Canadian government becoming ‘hybrid by design’ says minister in challenge to back-to-office calls

By on 14/11/2022 | Updated on 14/11/2022
Federal building in Ontario
Photo: Federal building in Ontario

Treasury Board president Mona Fortier has insisted that the Government of Canada is working to harness the best of office and remote working as she responded to calls for business leaders from officials to return to the office.

In an article for the Ottawa Citizen, Fortier responded to calls from the Canadian Chamber of Commerce’s president, Perrin Beatty for “people to get back to work and for us to get back to as normal an operation as possible”.

This was the latest intervention by a senior business leader, following a letter signed by 32 business associations that called for government employees to be asked to return to workplaces.

In response, Fortier highlighted that Canadian public servants have “never stopped working and they delivered under extremely difficult circumstances when Canadians needed them most: during the pandemic”, working both in person and remotely.

Read more: Canadian business bosses tell government to get staff back to offices; China sees huge demand in state recruitment drive: management & workforce news in brief

Now that society has returned to “some semblance of normalcy”, the public service is “embracing this opportunity to modernise our way of working”.

In the article, Fortier said that the federal government was “moving from remote-by-necessity to hybrid-by-design”.

She added: “This gives us the opportunity to harness the best of in-person and off-site work. In-person work better supports collaboration, team spirit, innovation and a culture of belonging. Being together in the workplace helps teams build trust and learn from each other. At the same time, off-site work can have benefits, such as cost savings.”

Both staff working in the Treasury Board of Canada Secretariat and for Canada’s top official, Janice Charette, the clerk of the Privy Council, work in the office at least two days a week, Fortier said, with full-time remote working “only in exceptional circumstances”.

She added: “My department is providing guidance to promote a coherent approach across the federal government and collecting findings so that we can learn from them about how to make hybrid successful and sustainable over the long term.”

Fortier added that this approach also allows the Canadian government to make better use of its buildings. “With requirements for less office space, it will reduce costs and greenhouse gas emissions – both from our buildings and commuting.”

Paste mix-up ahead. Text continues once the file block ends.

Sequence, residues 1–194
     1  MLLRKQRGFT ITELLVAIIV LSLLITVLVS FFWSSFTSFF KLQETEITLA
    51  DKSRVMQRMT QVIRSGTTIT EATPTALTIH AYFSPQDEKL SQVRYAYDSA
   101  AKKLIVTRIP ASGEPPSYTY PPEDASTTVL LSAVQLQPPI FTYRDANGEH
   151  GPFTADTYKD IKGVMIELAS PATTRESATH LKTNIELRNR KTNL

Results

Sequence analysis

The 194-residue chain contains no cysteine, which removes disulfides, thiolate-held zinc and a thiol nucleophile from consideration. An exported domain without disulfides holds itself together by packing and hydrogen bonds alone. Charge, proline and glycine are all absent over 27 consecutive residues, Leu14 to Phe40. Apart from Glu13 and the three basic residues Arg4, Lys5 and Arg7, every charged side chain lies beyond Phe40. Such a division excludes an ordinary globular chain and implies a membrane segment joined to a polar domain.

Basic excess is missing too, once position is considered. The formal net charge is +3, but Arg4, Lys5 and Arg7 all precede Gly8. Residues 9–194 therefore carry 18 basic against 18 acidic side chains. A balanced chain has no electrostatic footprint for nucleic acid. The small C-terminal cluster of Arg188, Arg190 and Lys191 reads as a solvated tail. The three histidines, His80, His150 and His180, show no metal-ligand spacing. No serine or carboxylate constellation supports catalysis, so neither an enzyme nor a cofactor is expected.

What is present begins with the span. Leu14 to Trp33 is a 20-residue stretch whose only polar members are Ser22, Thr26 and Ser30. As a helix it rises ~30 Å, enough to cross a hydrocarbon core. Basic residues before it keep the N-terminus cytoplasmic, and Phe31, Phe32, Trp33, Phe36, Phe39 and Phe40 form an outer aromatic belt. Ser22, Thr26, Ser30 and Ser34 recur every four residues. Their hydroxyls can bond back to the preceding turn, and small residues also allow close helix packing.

Elements of the Government of Canada’s plans for the future of public service property were set out by Stephan Déry, assistant deputy minister, real property services, Public Services and Procurement Canada, in a Global Government Forum webinar last week.

Watch: Buildings for the future – reworking the public service office for the flexible working era

‘Work is an activity, not a place’

Speaking about the future of the workplace, Déry said that there was a “strategic opportunity” for the government to offer flexible workplaces to our employees.

“A key aspect of this offering is fit-for-purpose office space that is green, accessible, inclusive, and modern with functional layout, and the latest technology,” Déry said.

“In this future of work vision, employees can either be working in an office or teleworking from anywhere they can be productive. Work is an activity, not a place, and that’s what is intended to support new ways of working.”

The Government of Canada is now planning to modernise 71 of our office complex over the next five years to “really making them ready for the future of work”, with offices becoming a magnet for employees to come in when they need to.

“I believe that office will always be part of the mix, it’s a question of what do we need office for,” he said. “Less and less people will go to sit at a workstation for eight hours a day, but the office will become the hub where you collaborate, where you create, where you build a sense of community, and you care for one another. I think that’s what the office of the future will be.”

Read more: Inside the international network looking to the future of the public sector workplace

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About Richard Johnstone

Richard Johnstone is the executive editor of Global Government Forum, where he helps to produce editorial analysis and insight for the title’s audience of public servants around the world. Before joining GGF, he spent nearly five years at UK-based title Civil Service World, latterly as acting editor, and has worked in public policy journalism throughout his career.

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